Between the Lines by David Lias As a nation, we�re still reeling from Saturday�s tragic end to our latest mission in space.
Such accidents are always tragic, but what makes the loss of Columbia and its seven astronauts much more difficult to take is the realization that they had successfully traveled so far, and were only about 15 minutes away from home when everything came to such a dreadful end.
It could be some time before the U.S. launches another manned flight into space. As our nation takes time to grieve and sift through the wreckage of the Columbia for clues to its demise, it would be wise for us to use this time in a productive manner.
We must, as a nation, decide if the shuttle is the best way to send men and women into space.
We certainly can�t offer expertise on this subject. It would seem, however, in light of two shuttle losses and the fact that the fleet of spacecraft is aging, that it may be time to find a better way to send people to space and safely return them to earth.
The space shuttle is a wonder of human engineering, but we�ve learned in such difficult ways that even with its sophistication, it is a highly fragile space vehicle.
We watched in horror as Challenger exploded shortly after launch in 1986. We�re left with highly unsettling images of what may have occurred to Columbia Saturday morning as it left the comfortable vacuum of space and disintegrated upon contact with the earth�s atmosphere.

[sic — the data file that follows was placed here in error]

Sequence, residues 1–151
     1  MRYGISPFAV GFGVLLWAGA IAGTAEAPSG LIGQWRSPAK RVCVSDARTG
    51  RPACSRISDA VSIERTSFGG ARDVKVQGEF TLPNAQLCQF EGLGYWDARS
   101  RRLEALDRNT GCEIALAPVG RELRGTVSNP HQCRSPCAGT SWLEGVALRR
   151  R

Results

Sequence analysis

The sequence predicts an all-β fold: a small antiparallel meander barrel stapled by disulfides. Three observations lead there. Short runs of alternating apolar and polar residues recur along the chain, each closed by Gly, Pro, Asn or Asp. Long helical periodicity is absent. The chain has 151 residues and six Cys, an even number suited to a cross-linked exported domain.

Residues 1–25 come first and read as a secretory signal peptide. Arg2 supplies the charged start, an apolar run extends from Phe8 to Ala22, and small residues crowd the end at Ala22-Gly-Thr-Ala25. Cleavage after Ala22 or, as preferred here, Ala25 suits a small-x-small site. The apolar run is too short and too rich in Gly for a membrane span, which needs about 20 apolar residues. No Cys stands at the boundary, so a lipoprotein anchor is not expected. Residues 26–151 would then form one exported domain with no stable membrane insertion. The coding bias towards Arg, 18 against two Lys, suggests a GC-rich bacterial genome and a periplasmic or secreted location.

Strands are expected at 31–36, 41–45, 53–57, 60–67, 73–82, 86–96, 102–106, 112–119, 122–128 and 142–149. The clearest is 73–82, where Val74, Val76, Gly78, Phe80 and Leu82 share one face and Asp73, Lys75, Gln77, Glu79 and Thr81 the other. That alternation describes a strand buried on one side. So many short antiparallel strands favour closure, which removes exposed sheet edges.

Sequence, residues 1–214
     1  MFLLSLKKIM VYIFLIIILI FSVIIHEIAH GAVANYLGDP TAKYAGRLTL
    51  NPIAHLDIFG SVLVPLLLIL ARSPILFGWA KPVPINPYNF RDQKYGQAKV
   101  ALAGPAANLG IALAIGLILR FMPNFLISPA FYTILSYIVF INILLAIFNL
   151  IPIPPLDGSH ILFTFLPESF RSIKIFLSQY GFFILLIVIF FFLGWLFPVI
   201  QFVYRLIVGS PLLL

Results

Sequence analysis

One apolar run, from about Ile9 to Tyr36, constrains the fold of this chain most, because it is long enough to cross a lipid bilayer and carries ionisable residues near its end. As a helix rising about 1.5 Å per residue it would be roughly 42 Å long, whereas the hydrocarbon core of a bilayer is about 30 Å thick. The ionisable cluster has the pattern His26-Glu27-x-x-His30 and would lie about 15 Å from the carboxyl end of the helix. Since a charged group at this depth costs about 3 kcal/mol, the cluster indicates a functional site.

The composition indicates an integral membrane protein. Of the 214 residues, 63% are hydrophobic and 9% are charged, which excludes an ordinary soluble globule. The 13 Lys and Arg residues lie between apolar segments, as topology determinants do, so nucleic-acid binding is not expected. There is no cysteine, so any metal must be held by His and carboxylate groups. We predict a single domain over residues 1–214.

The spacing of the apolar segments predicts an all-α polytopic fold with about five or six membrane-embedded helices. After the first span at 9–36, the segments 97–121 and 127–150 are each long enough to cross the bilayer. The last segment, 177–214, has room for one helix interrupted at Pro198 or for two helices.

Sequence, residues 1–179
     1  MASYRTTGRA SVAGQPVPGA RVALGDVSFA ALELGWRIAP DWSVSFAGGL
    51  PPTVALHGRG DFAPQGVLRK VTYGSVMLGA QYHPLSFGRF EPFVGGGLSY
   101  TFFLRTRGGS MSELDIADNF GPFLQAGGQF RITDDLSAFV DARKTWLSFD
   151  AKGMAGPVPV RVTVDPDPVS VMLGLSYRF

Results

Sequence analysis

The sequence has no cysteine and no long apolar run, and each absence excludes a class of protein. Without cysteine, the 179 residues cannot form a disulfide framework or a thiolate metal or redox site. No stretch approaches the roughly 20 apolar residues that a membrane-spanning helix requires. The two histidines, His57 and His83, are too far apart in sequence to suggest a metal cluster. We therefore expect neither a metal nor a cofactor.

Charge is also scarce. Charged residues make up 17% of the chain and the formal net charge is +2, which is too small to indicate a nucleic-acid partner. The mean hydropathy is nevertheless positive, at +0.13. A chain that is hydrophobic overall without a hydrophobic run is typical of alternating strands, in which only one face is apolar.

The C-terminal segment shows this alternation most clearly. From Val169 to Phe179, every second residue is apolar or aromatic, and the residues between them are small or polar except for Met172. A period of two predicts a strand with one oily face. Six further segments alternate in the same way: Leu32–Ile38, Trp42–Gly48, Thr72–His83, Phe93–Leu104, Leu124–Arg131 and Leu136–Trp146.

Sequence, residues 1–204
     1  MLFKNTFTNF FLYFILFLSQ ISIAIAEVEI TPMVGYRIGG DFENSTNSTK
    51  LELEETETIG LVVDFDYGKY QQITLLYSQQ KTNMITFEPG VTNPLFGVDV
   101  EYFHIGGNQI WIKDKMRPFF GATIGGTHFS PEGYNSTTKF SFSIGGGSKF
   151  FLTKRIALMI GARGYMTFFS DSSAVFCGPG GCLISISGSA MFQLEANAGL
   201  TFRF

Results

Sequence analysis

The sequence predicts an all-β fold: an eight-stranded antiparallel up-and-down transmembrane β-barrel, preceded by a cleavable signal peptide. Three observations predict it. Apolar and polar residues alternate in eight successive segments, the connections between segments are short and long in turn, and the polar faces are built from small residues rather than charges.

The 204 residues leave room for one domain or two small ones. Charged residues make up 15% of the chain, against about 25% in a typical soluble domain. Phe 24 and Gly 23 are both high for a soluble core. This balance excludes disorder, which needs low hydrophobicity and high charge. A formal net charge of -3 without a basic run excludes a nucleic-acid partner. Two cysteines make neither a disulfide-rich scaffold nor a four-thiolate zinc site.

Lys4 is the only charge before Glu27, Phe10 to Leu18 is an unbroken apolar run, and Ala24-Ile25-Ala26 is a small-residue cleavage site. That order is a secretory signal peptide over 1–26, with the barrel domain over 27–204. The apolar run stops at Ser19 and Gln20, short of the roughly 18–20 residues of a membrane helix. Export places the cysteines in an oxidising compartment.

Losing 14 souls aboard two shuttles in the span of 17 years isn�t acceptable.
That doesn�t mean we must conclude that human space flight is so dangerous that it must be abandoned. Ironically, the high success rate of the shuttle made their flights so routine that the nation let them go on without paying much attention.
When we lost three astronauts in ground tests of Apollo 1, it led to improvements in that spacecraft that eventually sent men to the moon.
Let�s hope that the outcome of our latest space tragedy will be something similar. It may mean permanently grounding our shuttle fleet and designing a safer mode of transportation.
That is a small price to pay, when you consider what we�ve already lost.